Illegal and unsustainable wildlife trade is a major and growing threat to global biodiversity.
The trafficking of, and unsustainable trade in fauna and flora commodities, such as elephant ivory, rhino horn, pangolin scales, tiger bone, bear bile, and rosewood has led to unprecedented declines in some of the world’s most charismatic wildlife species, as well as some of the lesser known.
The global trade in endangered species, over 1.5million transactions per year, will drive some species to extinction if the trade is not stopped.
The rise of the internet as a trade channel for illegal goods, including wildlife, changes the way trade is conducted.
Ivory poaching caused a 60% decline in elephant numbers between 2009 and 2014, and China’s pangolin population has declined by an estimated 94% since the 1960s, due to trade for consumption. Estimated to be worth up to $10 billion annually, wildlife trade is one of the highest value illicit trade sectors in the world.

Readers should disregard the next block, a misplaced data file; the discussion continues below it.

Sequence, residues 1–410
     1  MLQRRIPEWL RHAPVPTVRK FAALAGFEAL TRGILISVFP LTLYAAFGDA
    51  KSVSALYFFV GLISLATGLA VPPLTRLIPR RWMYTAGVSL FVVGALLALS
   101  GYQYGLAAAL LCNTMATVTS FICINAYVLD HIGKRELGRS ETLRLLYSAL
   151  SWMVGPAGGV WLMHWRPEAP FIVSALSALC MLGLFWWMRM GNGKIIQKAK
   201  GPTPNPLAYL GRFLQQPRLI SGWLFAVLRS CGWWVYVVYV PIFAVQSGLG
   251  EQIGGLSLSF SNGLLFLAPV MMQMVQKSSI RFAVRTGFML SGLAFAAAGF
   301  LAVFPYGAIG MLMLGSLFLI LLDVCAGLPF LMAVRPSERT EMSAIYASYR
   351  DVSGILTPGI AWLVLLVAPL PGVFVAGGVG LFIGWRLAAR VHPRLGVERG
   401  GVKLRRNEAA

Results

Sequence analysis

This webinar asks:
• What can the border community do to stem the flow and illegal trade of wildlife and endangered species?
• What technologies or processes can be implemented to support organisations dedicated to protecting wildlife and tackling wildlife trafficking?
- Jenny Constantine, Consultant and Trainer – Transnational Organized Crime, Trinidad & Tobago
- Justin Gosling, Senior Project Coordinator – West and Central Africa, Environmental Investigation Agency
- John Scanlon; CEO, EPI Foundation; Chair, Global Initiative to End Wildlife Crime
- Giovanni Broussard, Regional Coordinator for Southeast Asia, Global Programme for Combating Wildlife and Forest Crimes, United Nations Office on Drugs and Crime